This is a part of a series of articles on hiring and recruiting.
Creating a hiring strategy
Why should someone work at your company? Every company answers this question differently. Here are some valid strategies:
- We’ll pay the median rate in your area, but we’re investing heavily in making this the place for you to do your best work — the best work culture. (early days New Relic)
- We’re working in a compelling technical area, which attracts a lot of talented people, so you can work with a great team and solve interesting problems. Plus we’re making a great people-focused work environment. (Gremlin during my tenure there, also early days New Relic).
- We’re making Disneyland for engineers, lots of perks and top pay, in a university like environment (early Google strategy).
- We’ll pay really well for you to work your ass off, and in return you get a chance to work at a scale you won’t otherwise (Amazon today).
- We won’t pay you the most, but you’ll get to spend time each week working on open source software (a local software consultancy my friend ran for a while).
What your company looks like without a strategy
In practice, when you haven’t done the work to articulate why someone should work there, your hiring strategy looks like this:
- Work super hard at a stressful startup for low pay and equity that is probably worthless.
Developing your strategy
This step is to create your hiring strategy. Ask yourself, how are you going to stand out as a place people will want to work? Like any strategy, you should consider what your unique strengths and weaknesses are.
Areas to flex in a strategy
Some dimensions you can flex or emphasize to attract candidates:
- Remote versus in person. Having a strong stance on this will attract people who care about either of those options.
- Perks you are willing to offer. Consider offering allowances for teleconferencing (high quality cameras and microphones, for example). Flatfile offers an office makeover, with a designer helping you renovate your workspace. You can offer top of the line developer machines, or quality monitors. These are things that also help your team work more effectively together, so it’s offering a benefit that serves two purposes! If I were making my own startup nowadays, I’d focus on top-tier videoconferencing equipment (DSLRs and external microphones) as a main perk.
- Freedoms you’ll offer. You can offer a 4 day workweek. You can craft a narrative around offering no deadlines and no meetings. Or something else entirely.
- Transparency on salary and equity. Research shows diverse teams produce better business outcomes. There are a few things you can do to make your position stand out for candidates from diverse backgrounds: list the salaries (and equity!) for the positions you’re posting, and emphasize how you’ll make the workplace fair and equitable for all employees. Share your philosophy around how salary and equity are determined. Being more upfront about this than competitors will make you more desirable and competitive. Start by implementing pay equity, and then tell people you’re doing it. How bizarre is it that your hiring manager is expected to advocate for and win the trust of their team member once they’re hired, but they’re expected to negotiate against their best interests during the hiring process? Starting off the relationship without having to negotiate salary can be a huge relief for candidates.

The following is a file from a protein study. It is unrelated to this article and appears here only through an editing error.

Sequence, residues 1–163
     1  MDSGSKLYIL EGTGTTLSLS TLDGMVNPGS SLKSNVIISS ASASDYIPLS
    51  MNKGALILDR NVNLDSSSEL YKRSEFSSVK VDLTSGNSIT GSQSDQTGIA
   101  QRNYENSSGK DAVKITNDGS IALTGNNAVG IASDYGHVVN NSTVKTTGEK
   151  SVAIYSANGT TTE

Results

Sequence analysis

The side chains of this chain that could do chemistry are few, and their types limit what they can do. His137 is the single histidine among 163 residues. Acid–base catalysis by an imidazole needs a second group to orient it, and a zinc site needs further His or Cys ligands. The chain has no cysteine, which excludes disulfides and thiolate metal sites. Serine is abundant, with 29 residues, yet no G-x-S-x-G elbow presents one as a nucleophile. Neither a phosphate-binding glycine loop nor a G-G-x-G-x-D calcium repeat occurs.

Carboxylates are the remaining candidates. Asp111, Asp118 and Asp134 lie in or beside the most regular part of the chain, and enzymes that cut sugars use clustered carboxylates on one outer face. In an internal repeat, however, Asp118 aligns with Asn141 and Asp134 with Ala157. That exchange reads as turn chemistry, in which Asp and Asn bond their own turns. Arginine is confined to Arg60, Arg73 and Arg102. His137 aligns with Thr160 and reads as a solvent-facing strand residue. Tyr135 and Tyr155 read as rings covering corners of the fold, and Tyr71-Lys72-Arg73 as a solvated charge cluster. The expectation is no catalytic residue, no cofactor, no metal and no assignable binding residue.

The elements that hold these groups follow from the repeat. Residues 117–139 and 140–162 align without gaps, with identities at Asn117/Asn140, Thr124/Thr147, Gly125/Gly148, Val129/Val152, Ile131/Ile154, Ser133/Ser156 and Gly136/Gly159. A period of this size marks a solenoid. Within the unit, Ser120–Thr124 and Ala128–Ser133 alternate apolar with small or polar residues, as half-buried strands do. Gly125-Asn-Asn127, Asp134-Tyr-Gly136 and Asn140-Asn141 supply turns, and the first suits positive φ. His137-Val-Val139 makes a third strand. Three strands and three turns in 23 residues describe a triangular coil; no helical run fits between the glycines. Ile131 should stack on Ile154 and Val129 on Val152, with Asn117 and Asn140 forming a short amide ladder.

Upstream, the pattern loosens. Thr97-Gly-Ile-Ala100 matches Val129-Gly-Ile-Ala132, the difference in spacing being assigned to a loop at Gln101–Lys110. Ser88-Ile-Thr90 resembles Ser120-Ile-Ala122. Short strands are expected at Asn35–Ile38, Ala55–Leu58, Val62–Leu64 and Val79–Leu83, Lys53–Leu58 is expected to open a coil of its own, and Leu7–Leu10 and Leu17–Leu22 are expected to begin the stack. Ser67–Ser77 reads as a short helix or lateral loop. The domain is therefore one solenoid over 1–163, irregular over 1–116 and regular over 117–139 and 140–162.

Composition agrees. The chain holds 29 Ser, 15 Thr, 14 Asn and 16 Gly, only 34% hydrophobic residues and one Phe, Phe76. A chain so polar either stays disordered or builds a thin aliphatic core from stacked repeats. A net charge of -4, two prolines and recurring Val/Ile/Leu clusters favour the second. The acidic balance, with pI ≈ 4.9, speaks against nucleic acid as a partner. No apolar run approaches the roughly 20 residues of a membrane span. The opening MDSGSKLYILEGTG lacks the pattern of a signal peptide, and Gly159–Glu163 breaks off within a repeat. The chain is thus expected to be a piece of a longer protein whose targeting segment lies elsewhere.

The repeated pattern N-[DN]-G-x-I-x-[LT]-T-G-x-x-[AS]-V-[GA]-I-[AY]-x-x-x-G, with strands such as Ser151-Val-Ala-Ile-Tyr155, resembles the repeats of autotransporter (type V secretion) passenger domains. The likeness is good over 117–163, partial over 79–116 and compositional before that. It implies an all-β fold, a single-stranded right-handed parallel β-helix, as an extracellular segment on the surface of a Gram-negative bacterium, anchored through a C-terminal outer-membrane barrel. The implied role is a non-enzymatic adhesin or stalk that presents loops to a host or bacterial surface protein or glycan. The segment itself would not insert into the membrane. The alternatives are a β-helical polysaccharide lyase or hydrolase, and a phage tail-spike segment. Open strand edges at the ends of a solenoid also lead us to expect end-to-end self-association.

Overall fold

- Haven for people from diverse backgrounds. The experience for many people in tech companies is far from ideal. Many people leave our field because they’re treated so poorly. Most companies haven’t invested the time and energy to build a work culture that retains and delights people who aren’t overrepresented in tech.
- Impact people can have on the world. Consider ways your company helps employees connect their work to something meaningful or interesting to them. Are there ways you can emphasize this more? People at Patagonia are given the option to volunteer once a week, paid by the company. Working at a nonprofit can have direct impact. For most companies, you can think of the value of what you produce in a way that people will find meaningful. Think about how that ties into your narrative for why to join your company.
- Attributes of the team. What is the team like, and how can you use that to attract the type of people you’d like to come to the company? For example, you might be good at hiring people that are collaborative, and not assholes. You might be in a place with a lot of creative thinkers.
What is the pitch?
As you look through these, come up with a one sentence description of why people should join your company.
You’ll know you have a real strategy if it is rational for a certain type of person to select your company over all the other companies out there.
What’s your pitch?
Let me know what you come up with!
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